Total Game Changer For Union Recognition

Volume: 22 | Issue: 40
September 5, 2023

On August 25, 2023, the National Labor Relations Board (Board) issued a decision that completely changes the process for determining when employers are required to recognize and bargain with unions. This development makes it much easier for unions to organize workers without a representation election. The dissenting Board member, Marvin Kaplan, predicts that the Board’s “dramatic” and “deeply flawed” changes to Board law will result in “far fewer representation elections” and “many more card-based bargaining orders.”

The new framework, announced in the case of Cemex Construction Materials Pacific, LLC, makes several significant changes to the union recognition and representation election procedures that have been in place for over 50 years – all to the significant benefit of unions and at great cost to employees’ rights to secret-ballot elections.

First, the new framework puts the burden of seeking an election upon the employer, instead of the union. An employer faced with a union’s demand for recognition on the basis that a majority of employees in a bargaining unit support union representation can no longer insist that the union file an election petition with the Board. Now, the employer must either recognize the union upon proof of majority status and begin bargaining or “promptly” file an “RM election petition” with the Board for an election to test the union’s majority status and/or the appropriateness of the proposed bargaining unit.

Second, it completely changes the effect of unfair labor practices committed before the election. Now, if even one unfair labor practice is committed while an election petition is pending, the Board may dismiss the employer’s petition (throwing out the election results) and order the employer to recognize the union and bargain. The Board will not order a re-run election and will instead rely upon the union’s initial demand for recognition.

The effect of these two changes is to give near determinative weight to the union’s demand for recognition which is premised upon authorization cards signed by employees. The Board has long recognized that authorization cards are inferior to and less reliable than secret-ballot elections because employees may sign cards under pressure, without much thought or consideration, and/or without the opportunity for consideration of the employer’s position. Most union authorization card campaigns occur in secret and well before the employer even knows it is being organized. While secret-ballot elections are supposed to be foundational to workplace democracy, the Board’s new framework essentially eviscerates them as many employers will not be able to get through an election without some unfair labor practice charges being filed and processed by a Board that is all too ready to find them meritorious.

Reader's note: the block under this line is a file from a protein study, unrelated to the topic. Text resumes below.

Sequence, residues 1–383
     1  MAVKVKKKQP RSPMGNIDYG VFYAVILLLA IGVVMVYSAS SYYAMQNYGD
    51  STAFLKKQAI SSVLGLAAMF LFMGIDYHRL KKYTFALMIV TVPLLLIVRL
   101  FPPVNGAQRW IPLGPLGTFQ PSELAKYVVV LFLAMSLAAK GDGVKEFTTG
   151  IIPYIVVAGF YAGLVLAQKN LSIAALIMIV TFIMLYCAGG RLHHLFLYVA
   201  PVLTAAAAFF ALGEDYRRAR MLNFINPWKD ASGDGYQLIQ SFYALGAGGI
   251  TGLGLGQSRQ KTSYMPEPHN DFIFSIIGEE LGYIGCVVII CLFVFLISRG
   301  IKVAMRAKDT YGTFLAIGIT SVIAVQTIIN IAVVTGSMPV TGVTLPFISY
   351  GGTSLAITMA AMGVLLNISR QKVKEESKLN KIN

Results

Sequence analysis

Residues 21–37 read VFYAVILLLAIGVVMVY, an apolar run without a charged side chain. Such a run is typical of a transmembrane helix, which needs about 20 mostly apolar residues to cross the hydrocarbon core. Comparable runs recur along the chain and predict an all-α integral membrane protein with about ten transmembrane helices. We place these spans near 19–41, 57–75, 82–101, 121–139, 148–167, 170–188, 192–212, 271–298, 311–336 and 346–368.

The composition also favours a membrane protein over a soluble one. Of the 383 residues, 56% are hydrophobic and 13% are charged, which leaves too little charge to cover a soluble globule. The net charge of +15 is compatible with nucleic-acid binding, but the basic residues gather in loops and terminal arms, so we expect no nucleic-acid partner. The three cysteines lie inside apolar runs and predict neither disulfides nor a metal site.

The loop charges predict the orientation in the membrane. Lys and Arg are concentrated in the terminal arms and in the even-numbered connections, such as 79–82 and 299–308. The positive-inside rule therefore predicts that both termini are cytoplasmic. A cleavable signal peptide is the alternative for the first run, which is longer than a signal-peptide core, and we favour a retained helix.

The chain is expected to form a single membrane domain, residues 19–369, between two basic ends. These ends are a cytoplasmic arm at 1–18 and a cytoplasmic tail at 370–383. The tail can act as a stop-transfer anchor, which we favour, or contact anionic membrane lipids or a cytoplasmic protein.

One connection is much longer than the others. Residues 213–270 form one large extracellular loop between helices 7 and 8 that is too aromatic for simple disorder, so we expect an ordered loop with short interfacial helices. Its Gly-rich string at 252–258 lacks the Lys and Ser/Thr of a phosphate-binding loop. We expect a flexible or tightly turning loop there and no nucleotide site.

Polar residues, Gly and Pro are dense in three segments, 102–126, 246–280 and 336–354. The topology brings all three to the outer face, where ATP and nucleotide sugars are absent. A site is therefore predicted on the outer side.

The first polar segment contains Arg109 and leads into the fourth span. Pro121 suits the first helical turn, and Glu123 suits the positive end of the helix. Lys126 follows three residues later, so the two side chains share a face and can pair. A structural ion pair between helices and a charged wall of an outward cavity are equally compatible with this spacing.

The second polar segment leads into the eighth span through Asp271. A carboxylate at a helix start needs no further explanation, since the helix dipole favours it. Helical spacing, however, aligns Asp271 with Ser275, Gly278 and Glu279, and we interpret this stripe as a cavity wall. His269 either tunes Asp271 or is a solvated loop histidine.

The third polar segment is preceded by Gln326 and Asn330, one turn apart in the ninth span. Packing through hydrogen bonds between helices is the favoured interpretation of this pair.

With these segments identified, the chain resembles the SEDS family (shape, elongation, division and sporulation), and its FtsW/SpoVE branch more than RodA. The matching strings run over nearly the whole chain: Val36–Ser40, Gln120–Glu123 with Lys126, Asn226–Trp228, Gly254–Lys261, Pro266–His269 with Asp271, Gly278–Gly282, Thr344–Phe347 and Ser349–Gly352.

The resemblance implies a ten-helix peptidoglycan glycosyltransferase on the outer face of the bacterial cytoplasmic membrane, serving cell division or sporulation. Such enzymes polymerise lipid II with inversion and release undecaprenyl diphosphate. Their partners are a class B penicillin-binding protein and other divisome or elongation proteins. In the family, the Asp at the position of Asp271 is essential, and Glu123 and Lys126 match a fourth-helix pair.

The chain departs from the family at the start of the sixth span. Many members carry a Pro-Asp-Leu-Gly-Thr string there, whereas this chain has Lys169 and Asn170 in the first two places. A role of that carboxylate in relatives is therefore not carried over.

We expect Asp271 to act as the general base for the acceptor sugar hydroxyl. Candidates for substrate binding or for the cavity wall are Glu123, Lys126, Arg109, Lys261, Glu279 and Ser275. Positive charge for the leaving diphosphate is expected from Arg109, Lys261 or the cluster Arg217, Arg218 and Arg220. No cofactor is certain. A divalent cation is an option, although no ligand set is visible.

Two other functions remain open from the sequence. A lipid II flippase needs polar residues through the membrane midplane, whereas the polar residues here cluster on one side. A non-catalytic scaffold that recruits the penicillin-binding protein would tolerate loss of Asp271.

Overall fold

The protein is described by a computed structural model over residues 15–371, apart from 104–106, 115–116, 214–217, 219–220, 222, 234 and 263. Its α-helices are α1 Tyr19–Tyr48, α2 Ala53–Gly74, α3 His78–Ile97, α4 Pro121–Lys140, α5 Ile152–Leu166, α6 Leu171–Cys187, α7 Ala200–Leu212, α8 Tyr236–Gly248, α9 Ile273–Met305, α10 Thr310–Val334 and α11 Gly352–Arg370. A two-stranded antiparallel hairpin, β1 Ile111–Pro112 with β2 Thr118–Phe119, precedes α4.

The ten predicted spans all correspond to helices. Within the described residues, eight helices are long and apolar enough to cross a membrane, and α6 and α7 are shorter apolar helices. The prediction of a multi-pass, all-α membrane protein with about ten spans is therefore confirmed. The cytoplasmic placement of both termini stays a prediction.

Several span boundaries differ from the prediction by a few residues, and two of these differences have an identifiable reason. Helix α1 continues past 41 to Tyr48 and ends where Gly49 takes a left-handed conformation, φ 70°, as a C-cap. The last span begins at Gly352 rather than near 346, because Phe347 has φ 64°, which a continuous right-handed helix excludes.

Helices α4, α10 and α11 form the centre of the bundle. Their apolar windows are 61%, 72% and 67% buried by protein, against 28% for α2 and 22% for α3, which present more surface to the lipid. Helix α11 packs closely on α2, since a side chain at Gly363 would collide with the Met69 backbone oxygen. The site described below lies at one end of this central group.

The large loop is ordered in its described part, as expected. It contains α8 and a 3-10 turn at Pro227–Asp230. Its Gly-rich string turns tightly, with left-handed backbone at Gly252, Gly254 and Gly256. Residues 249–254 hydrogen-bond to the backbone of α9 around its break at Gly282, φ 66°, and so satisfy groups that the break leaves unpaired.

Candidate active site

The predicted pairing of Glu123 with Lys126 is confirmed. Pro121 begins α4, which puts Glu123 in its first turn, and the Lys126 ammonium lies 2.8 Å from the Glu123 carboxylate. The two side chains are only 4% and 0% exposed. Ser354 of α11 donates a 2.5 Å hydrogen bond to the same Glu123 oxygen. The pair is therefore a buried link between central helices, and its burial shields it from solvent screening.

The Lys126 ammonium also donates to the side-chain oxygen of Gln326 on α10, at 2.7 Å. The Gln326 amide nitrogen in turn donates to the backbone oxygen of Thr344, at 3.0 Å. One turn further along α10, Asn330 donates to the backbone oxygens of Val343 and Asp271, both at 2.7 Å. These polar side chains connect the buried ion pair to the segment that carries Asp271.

The Board announced that its new standard may be applied retroactively to pending cases, unless doing so would result in a “manifest injustice.“ While it is possible that the Cemex decision could be appealed to a federal circuit court and subsequent litigation may ensue over its application to future cases, employers need to take notice of this radical change in the law and plan accordingly.

It is more important than ever for employers to develop and maintain strong, positive employee engagement and retention programs so employees do not feel the need to turn to outside third parties, like unions, for help. Employers need to be prepared for union campaigns by educating employees on union authorization cards and training supervisors how to recognize and properly respond to union organizing activity. As even minor unfair labor practices could result in a bargaining order, such as maintaining overly broad work rules as liberally defined by the Board’s new Stericycle decision, employers should also undertake handbook and policy reviews.

KZA attorneys are well versed on Board law and are available to assist you with these proactive steps.

KZA Employer Report articles are for general information only; they are not intended and should not be construed to be legal advice. Reading or replying to such articles does not establish an attorney-client relationship. In addition, because the subject matters and applicable laws discussed in Employer Report articles are often in a state of change and not always applicable to every type of business entity or organization, readers should consult with counsel before making decisions based on the same.

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